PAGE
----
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Interstate Transport of Four More Snakes Banned

Tom Mazorlig//July 1, 2015//

Interstate Transport of Four More Snakes Banned

Tom Mazorlig //July 1, 2015//

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In March of 2015, U.S. Fish and Wildlife Service (FWS) listed four additional constrictor snake species as injurious under the Lacey Act.

While reptile keepers often refer to this listing as the constrictor ban, it is more properly referred to as the Constrictor Rule. This rule classifies a total eight species of constrictor snakes as injurious under the Lacey Act.

According to the FWS website,, the Lacey Act makes it “unlawful to import, export, sell, acquire, or purchase fish, wildlife or plants that are taken, possessed, transported, or sold: 1) in violation of U.S. or Indian law, or 2) in interstate or foreign commerce involving any fish, wildlife or plants taken possessed or sold in violation of State or foreign law.”

The FWS also states that “species are added to the list of injurious wildlife to prevent their introduction or establishment and to protect the health and welfare of humans; the interests of agriculture, horticulture or forestry; and the welfare and survival of wildlife resources.”

This classification of the snake species as injurious makes interstate transportation and commerce and importation of these species into the United States illegal. Four species of snakes were originally listed under this law in 2012: Burmese and Indian python (listed as subspecies of same species), northern African python, southern African python and yellow anaconda.

In March of 2015, four additional snakes were added to this classification: reticulated python, DeSchauensee’s anaconda, green anaconda and Beni anaconda. This change was effective as of April 2015.

“This rule change did not create a ban on the ownership of any of these species,” said Phil Goss, president of United States Association of Reptile Keepers (USARK). “The only ban is on the mentioned movement of these species. Intrastate keeping, breeding, selling and transportation remain legal (assuming state and local laws allow). This regulation even made it illegal to take a listed snake to a specialty herp veterinarian in another state or take an animal along should your family move, as that is interstate transportation.”

USARK has been at the forefront of the fight against the listing of these snakes as injurious.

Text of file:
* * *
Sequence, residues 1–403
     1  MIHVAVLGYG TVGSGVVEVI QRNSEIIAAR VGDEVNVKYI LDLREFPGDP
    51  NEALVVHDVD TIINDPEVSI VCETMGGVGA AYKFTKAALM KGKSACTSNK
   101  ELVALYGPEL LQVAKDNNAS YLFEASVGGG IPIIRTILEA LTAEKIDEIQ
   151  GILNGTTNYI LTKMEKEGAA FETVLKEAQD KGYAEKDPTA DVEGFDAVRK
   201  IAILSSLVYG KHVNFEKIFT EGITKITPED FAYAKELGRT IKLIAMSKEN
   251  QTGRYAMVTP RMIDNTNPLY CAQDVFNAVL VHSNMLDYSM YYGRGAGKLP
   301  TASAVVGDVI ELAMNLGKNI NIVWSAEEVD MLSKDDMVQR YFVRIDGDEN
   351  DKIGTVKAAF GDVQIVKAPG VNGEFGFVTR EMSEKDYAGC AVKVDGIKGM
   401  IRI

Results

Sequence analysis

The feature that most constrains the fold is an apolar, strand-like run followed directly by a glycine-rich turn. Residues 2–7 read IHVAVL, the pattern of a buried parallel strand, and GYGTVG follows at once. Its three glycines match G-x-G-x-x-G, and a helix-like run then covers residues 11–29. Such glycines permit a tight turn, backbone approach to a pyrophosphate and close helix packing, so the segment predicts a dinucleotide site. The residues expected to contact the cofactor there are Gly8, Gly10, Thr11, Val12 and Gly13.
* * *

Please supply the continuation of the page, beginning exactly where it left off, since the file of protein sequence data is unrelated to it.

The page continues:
“USARK was successful in receiving a preliminary injunction on enforcement of the rule for reticulated pythons and green anacondas,” said Goss.
According to him, the injunctive relief was granted in D.C. Circuit Court and went into effect on June 2, 2014.

“The scope of the injunction is limited,” said Goss. “Domestic imports and transportation into Texas and Florida are excluded from the injunction. These two states were limited as the science used to justify these listings claims that small portions of those states have potentially habitable climate for the two species. The injunction is also limited to listed plaintiffs and USARK members.”

DeSchauensee’s anaconda and the Beni anaconda are not known to be in the U.S. pet trade. The other snakes are kept and bred, although all except the Burmese python are uncommon in pet stores.
According to Goss, this does not mean that pet stores and the wider pet-loving community shouldn’t be concerned.

“There are many reasons pet shops, pet owners and anyone else in the pet community should be concerned with the Constrictor Rule,” he said. “This regulation is based upon bad science and is complete federal overreach. This atrocious science claimed that Burmese pythons can ‘find comfortable climatic conditions’ in parts of Maryland, Kansas and roughly one-third of the 48 contiguous states. Winters in all but southern Florida will decimate these snakes. It should be extremely troubling to all Americans that science this lousy is used to justify our laws.”